I have a script

$ cat my.sh 
#! /bin/bash -
dirs -l > /tmp/test/dirs_record
jobs > /tmp/test/jobs_record

So when I source ./my.sh, it will output the dir stack and jobs in the invoking shell.

I have another script schedule.sh

#! /bin/bash -
while : ; do eval "${@}" ; sleep 10 ; done

Running source schedule.sh source ./my.sh in a bash shell can periodically record the dir stack and jobs in the invoking bash shell.

But I want to run other commands in the same shell, and want source schedule.sh source ./my.sh to record the up-to-date dir stack and jobs periodically, so I put it in background source schedule.sh source ./my.sh &, and then since jobs and dirs are running in a subshell instead of the invoking shell, any change to the jobs or dir stack to the invoking shell will not be recorded. See Why do `jobs` and `dirs` run in command subsitution, process substitution, pipeline, and background jobs output the same as in original shell?

How can I periodically record the dir stack and jobs of a shell without occupying the shell? For example, can I run a background job directly in the invoking shell?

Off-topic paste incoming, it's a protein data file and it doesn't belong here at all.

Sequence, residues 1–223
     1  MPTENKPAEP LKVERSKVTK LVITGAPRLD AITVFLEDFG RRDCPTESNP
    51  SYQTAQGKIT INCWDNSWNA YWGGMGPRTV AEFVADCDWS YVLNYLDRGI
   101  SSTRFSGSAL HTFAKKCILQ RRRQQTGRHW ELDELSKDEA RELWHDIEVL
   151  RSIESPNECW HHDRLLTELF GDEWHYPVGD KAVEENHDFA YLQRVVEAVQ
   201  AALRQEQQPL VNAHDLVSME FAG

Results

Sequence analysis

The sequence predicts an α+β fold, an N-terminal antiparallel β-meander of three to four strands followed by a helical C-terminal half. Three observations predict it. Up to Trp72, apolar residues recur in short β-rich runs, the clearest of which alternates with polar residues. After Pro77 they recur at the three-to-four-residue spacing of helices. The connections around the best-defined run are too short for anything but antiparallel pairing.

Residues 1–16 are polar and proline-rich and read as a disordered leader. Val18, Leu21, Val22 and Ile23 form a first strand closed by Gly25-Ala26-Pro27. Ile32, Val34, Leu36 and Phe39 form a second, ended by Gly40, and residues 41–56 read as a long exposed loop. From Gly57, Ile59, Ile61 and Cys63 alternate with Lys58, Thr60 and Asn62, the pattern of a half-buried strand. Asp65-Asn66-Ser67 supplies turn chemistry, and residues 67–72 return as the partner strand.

You can do this with a signal trap, and running sleep && kill in the background:

$ cat monitor.sh
# monitor stuff in the background

# ensure this file is sourced, not executed: http://mywiki.wooledge.org/BashFAQ/109 
sourced() { [[ ${FUNCNAME[1]} == "source" ]]; }
sourced || { echo "source me"; exit 1; }
unset -f sourced


trap __usr1_trap USR1

__usr1_trap() {
    dirs -l >| /tmp/test/dirs_record
    jobs    >| /tmp/test/jobs_record
    __schedule_trap &

__schedule_trap() {
    sleep 60
    kill -USR1 $__MY_PID

# trigger the signal handler, which will reschedule itself
kill -USR1 $__MY_PID

Launch it with . /path/to/monitor.sh

Note that I use >| as the redirection operator in the signal handler because I run with set -o noclobber to avoid accidentally overwriting files: here we want to overwrite the files on purpose.

| improve this answer | |
  • Thanks. Is prefix __ naming convention to distinguish names created by you from those implicitly by the shell? – Tim Aug 2 '18 at 22:56
  • Yeah. I picked it up from some coding convention that "private methods" start with an underscore. I'd be unlikely to type it by accident. – glenn jackman Aug 2 '18 at 23:11
  • How would you stop it from running? trap "" USR1? – Tim Aug 2 '18 at 23:24
  • One strange problem when I run your script is that the signal stops being sent and trapped whenever the shell is idle i.e. without my running any command, Is it because __schedule_trap & need me to type RETURN key to finish sending the signal? – Tim Aug 2 '18 at 23:54

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